There are some additional components to qualifying for SSA Disability or SSI.
First, there must be objective medical evidence of a severe injury or illness. For
musculoskeletal problems this means an X ray, MRI, or CT scan that shows a
disease or injury. For other types of disease, there must be a positive lab test
or an objective physical finding. This might be a positive ANA or a typical malar
rash to document systemic lupus erythematosus. For diabetic neuropathy, an
elevated blood sugar and an absent reflex would usually be enough. This
requirement is simply intended to weed out the disability claims that are based
solely on pain or disability when there is no underlying disease causing it. A
diagnosis alone is not enough. The diagnosed disease must cause some
impairment. The diabetic who has normal eyes and kidneys and no peripheral
neuropathy has a disease but not an impairment.
Regardless of how severe the impairment is, it must last or be expected to last
12 months to qualify for disability payments under Social Security. The person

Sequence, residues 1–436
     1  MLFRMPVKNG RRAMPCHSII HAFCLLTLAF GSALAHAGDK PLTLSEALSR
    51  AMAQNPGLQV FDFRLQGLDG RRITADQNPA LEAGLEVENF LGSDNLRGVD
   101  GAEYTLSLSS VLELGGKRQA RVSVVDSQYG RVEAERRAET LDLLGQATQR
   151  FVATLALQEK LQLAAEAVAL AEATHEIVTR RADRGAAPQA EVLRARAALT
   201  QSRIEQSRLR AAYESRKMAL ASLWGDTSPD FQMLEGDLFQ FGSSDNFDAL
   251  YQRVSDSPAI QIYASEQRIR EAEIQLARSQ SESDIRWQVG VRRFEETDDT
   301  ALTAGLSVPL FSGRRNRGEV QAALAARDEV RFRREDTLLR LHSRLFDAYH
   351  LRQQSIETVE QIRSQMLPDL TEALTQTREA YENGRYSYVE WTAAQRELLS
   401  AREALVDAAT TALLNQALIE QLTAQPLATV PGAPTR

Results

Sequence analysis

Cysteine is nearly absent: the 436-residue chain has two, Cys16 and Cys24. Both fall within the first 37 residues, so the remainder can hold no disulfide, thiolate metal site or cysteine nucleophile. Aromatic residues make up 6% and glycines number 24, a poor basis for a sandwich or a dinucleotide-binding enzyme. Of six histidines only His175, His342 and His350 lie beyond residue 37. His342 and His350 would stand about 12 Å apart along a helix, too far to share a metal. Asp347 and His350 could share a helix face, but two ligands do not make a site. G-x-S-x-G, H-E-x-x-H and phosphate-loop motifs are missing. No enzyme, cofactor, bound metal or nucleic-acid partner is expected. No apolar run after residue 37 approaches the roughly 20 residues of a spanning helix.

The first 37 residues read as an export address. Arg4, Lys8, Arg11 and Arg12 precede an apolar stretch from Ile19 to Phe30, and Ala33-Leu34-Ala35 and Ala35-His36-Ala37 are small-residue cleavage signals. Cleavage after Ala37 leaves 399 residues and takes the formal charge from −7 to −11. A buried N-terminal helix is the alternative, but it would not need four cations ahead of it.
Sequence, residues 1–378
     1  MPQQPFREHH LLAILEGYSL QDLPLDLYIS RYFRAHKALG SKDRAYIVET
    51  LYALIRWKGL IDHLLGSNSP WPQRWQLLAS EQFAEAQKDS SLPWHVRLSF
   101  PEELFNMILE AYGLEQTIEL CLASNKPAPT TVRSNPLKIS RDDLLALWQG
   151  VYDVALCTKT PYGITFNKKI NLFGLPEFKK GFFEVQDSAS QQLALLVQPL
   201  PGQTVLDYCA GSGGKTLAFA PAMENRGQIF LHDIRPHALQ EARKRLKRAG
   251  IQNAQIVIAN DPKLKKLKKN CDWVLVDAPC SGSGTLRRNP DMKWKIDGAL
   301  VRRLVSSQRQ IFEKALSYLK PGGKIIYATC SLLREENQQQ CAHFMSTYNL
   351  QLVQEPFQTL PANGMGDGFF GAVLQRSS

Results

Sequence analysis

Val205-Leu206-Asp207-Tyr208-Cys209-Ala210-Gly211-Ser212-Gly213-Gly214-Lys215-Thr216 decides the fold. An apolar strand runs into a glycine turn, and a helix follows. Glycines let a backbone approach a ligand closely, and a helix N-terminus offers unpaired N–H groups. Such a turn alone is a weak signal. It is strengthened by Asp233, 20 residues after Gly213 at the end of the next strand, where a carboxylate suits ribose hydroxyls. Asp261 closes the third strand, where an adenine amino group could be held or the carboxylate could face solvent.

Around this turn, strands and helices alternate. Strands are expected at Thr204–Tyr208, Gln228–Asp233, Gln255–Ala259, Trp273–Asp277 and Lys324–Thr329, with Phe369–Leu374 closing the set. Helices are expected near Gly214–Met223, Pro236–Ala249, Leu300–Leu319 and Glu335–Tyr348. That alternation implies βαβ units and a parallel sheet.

who is in a coma for a month after a head injury is clearly severely disabled for
that month. However, if they have full use of their arms and legs, can see and
hear, and come out of the coma with cognitive function intact, then they do
not qualify for SSA Disability. On the other hand, the impairment does not have
to have existed for 12 months before disability is granted. If the coma patient
also has a crushed spinal cord and is going to be paraplegic, then the patient’s
guardian can apply for disability immediately. If the physician supports the
prognosis that the disability will last for more than 12 months, the patient may
be on SSA Disability and/or SSI before he or she regains consciousness.